The Dirty Dozen

Tempest teacup crop

2014 to 2014. RIP little buddy…

Have I mentioned lately that I was infected with the photography bug a few years ago – and that as a result, I suffer from an obsessive desire to point various lenses at strange, twisted, ordinary or really beautiful things?  That this illness additionally manifests as an almost manic need to show these images to everyone who can stand a chance-encounter with my blog or my Facebook page?

There.  Photography is a disease.  Does that make my camera a drug?

Last year, after the frenzy of Christmas had died away to the cold doldrums of January in Wisconsin, I started browsing the web to alleviate the boredom.  The trouble started when I found my browser looking at cameras.

When all else fails…blame the computer!

Big cameras…complete with big price tags.  Cameras with them scary interchangeable lens systems and multiple menus and complex books for how to operate them.  In February, I dragged my credit card out of my wallet, and made it (well, the company who issued it, really) rather happy by using it to adopt a Canon Rebel.  Since then, I’ve had a lot of fun pointing it at the aforementioned strange things.

Now…here comes the hard part.  Going back through the files in my computer, I’ve chosen the “Dirty Dozen” – my 12 favorites, shot with the new camera.  These are the ones that I Ooooooh’d and Ahhhhh’d over when I saw what I’d captured in the small view screen, and continued to get all Oooey-gooey over when they came out of the camera and onto my computer screen…

Of all these shots – only one was manipulated beyond simple straightening or cropping in ‘shop…and even that one was merely a simple change of background.  No colors, pixels, or lighting adjustments were made to any of the Dirty Dozen.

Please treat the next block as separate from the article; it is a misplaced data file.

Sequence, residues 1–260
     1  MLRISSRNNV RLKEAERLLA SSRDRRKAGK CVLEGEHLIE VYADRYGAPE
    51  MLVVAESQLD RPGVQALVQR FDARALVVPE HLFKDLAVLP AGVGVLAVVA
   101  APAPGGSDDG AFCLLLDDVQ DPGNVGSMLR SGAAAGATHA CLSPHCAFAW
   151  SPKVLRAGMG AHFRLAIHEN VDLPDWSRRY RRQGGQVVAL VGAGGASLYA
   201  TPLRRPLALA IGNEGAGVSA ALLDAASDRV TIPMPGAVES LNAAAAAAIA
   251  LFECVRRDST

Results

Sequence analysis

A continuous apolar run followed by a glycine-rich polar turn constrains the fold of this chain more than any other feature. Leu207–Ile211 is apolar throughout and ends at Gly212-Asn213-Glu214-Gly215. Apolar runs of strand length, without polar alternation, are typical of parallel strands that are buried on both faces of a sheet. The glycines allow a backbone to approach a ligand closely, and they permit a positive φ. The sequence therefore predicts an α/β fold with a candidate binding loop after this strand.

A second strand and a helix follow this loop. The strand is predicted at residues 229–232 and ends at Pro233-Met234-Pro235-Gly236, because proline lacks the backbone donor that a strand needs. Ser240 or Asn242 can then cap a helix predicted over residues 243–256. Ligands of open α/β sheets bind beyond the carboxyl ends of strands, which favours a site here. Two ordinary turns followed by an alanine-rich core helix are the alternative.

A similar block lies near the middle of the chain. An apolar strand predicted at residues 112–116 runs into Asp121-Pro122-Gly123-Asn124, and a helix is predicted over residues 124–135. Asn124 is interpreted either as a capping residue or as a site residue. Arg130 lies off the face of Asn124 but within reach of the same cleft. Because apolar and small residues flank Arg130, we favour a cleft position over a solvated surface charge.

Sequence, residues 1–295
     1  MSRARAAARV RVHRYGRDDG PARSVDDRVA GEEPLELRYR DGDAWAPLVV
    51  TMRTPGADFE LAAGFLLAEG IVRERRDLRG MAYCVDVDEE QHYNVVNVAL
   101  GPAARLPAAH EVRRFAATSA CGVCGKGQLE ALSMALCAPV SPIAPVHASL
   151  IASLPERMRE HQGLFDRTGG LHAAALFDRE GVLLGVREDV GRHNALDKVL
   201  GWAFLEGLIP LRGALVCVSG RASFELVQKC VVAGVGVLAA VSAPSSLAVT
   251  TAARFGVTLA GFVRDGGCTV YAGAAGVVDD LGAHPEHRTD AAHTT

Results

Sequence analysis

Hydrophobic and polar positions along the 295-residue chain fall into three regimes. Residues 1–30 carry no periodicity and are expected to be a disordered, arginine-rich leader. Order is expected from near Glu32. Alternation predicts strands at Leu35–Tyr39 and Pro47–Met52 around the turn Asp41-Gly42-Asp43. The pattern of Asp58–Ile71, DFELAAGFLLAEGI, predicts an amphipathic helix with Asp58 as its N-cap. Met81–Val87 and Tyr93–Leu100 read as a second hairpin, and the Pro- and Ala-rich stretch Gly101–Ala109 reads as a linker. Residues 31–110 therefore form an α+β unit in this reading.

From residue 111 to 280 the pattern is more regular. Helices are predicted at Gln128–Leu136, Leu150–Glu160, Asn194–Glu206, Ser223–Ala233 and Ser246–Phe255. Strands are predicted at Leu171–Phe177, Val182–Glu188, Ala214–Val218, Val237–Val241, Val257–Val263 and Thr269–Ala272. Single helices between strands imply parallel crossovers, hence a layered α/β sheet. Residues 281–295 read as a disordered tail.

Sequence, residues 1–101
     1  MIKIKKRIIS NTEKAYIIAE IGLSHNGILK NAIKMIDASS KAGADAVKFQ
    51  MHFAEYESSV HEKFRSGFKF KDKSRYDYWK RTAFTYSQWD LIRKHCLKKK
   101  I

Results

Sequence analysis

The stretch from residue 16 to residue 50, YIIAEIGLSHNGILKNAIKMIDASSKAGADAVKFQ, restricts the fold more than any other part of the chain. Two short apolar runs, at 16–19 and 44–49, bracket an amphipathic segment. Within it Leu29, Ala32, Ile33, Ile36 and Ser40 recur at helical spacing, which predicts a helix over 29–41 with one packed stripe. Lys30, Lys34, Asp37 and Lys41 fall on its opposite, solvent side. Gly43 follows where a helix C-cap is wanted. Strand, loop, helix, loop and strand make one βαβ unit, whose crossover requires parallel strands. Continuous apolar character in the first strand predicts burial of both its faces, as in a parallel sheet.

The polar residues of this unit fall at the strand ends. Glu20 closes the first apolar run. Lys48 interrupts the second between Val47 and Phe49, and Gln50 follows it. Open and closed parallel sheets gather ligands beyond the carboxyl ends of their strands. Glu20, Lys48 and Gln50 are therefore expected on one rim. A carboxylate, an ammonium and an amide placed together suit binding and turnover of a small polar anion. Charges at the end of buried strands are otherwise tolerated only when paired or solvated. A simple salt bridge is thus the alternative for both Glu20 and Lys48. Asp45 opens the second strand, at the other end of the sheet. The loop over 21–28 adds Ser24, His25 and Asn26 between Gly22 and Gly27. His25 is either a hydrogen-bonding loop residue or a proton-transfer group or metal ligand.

Do you know how HARD it was to pick only 12????

The first one is obvious – I see it every time I take a look at the T&T.  This is the shot that started the blog…got me back into writing…and eventuA Tempest and a Teapot copyally, introduced me to all of you.  This is the only picture in the group where I did major adjustments in ‘shop – I took the teapot on the rocks, clipped it from its original background, and dropped it in front of the waves.  Both teapot and wave images were by my hand, taken on the same day, at the same location – which is why they fit well together – I didn’t have to balance lighting values.

AIMG_0633This next one was the inaugural launch of the Canon – the SQO and band-mates had a show in Mid-March – their first live event in over a year.  the Canon was primed and ready to catch fantastic images!

This is actually a shot taken when the headliner band was on stage – a group called the Black Moods based in Tempe, AZ.  They actually toured all the way up here – in the uncertainty of Spring in Wisconsin (yea, I was impressed) to introduce themselves to the world.  This is actually a shot of the lead singer’s hair, as he flipped it around behind the mic.

A WE Energies

Let’s go a bit further in the year – June.  June 13th, to be exact.  Friday, June 13th.  We had a full moon due to come up that night, and those who follow the heavenly bodies declared that this would be a yellow, honey-colored globe rising.  Thus…the Honey Moon.
I celebrated this celestial event by heading to the same beach where the T&T shot was taken – this time at night.  While I was waiting for the moon to make her appearance, I squeezed off this fantastic reflective shot of the Electric Company plant.

A Dave holding the moonAnd when the moon finally rose?  I had the SQO capture the whole thing in his hand.

Sadly, this was the end of the little teacup featured quite heavily in the early days of the T&T on Google –  Friday the 13th reared its ugly head, and caused the teacup to shatter on the cement walkway.

A bird Feeder Close

Skipping forward another month – we have a family thing every year in July up at my Dad’s place on Lake Reinhart.  I did get coerced into taking some of the stilted, stiff, wooden family groupings (which weren’t even considered for the Dirty Dozen) I detest, but then I got to aim the lens at nature and the landscaping.  Three of this day’s shooting made the list.  This one is a favorite bokeh shot.